Polybius Squares and Caesar Shifts

Although historical findings show that several ancient civilizations used elements of ciphers and codes in their writing, code experts say that these examples were meant to give the message a sense of importance and formality. The person writing the message intended for his audience to be able to read it.

The Greeks were one of the first civilizations to use ciphers to communicate in secrecy. A Greek scholar named Polybius proposed a system for enciphering a message in which a cryptographer represented each letter with a pair of numbers ranging from one to five using a 5-by-5 square (the letters I and J shared a square). The Polybius Square (sometimes called the checkerboard) looks like this:

1

2

3

4

5

1

A

B

C

D

E

2

F

G

H

I/J

K

3

L

M

N

O

P

4

Q

R

S

T

U

5

V

W

X

Y

Z

A cryptographer would write the letter "B" as "12". The letter O is "34". To encipher the phrase "How Stuff Works," the cryptographer would write "233452 4344452121 5234422543." Because he replaces each letter with two numbers, it's difficult for someone unfamiliar with the code to determine what this message means. The cryptographer could make it even more difficult by mixing up the order of the letters instead of writing them out alphabetically.

Julius Caesar invented another early cipher -- one that was very simple and yet confounded his enemies. He created enciphered messages by shifting the order of the alphabet by a certain number of letters. For example, if you were to shift the English alphabet down three places, the letter "D" would represent the letter "A," while the letter "E" would mean "B" and so forth. You can visualize this code by writing the two alphabets on top of one another with the corresponding plaintext and cipher matching up like this:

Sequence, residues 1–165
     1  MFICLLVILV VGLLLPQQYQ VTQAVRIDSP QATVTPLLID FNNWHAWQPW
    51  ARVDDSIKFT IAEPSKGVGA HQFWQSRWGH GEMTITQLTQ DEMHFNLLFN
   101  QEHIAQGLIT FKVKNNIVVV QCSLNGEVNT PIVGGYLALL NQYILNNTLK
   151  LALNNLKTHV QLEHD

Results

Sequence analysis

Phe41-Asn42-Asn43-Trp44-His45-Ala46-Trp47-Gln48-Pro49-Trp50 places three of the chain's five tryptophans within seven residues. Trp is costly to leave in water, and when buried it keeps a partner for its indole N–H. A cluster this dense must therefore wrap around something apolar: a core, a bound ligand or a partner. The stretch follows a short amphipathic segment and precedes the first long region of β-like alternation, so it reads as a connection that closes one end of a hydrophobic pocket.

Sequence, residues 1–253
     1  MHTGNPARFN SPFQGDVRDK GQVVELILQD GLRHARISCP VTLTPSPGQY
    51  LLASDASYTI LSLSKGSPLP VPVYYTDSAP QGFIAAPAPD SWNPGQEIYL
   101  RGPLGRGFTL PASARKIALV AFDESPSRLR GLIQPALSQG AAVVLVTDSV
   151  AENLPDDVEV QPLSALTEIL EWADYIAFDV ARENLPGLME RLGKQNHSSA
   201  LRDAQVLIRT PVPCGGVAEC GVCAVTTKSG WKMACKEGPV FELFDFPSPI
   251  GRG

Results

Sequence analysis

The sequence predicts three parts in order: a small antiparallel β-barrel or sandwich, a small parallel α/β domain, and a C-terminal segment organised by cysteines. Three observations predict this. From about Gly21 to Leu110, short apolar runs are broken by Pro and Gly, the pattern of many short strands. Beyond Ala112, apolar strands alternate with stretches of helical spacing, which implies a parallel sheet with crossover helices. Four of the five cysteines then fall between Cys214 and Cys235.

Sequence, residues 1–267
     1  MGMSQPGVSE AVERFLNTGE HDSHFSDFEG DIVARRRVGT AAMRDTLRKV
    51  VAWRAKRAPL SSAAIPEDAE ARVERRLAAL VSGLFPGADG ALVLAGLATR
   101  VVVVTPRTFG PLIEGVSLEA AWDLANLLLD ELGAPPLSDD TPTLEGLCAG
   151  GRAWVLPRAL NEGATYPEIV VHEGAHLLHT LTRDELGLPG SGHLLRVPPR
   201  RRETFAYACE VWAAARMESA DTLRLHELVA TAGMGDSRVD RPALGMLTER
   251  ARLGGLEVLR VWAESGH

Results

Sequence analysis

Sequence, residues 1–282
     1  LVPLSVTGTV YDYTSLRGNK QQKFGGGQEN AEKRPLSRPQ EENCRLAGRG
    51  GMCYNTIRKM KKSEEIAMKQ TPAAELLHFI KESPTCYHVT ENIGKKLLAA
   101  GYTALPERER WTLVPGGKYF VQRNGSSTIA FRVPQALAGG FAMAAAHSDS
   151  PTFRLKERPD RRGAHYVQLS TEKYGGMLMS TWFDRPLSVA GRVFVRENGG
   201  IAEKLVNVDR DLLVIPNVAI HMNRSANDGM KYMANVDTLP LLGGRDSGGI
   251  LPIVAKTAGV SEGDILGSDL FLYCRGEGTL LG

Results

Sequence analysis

Plaintext

a

b

c

d

e

f

g

h

i

j

k

l

m

Cipher

D

E

F

G

H

I

J

K

L

M

N

O

P

Plaintext

n

o

p

q

r

s

t

u

v

w

x

y

z

Cipher

Q

R

S

T

U

V

W

X

Y

Z

A

B

C


Notice that the cipher alphabet wraps around to "A" after reaching "Z." Using this cipher system, you could encipher the phrase "How Stuff Works" as "KRZ VWXII ZRUNV."

Both of these systems, the Polybius Square and the Caesar Shift, formed the basis of many future cipher systems.

In the next section, we'll look at a few of these more advanced methods of encryption.

Deciphering the Language
To encipher a message means to replace the letters in the text with the replacement alphabet. The readable message is called the plaintext. The cryptographer converts the plaintext into a cipher and sends it on. The recipient of the message uses the proper technique, called the key, to decipher the message, changing it from a cipher back into a plaintext.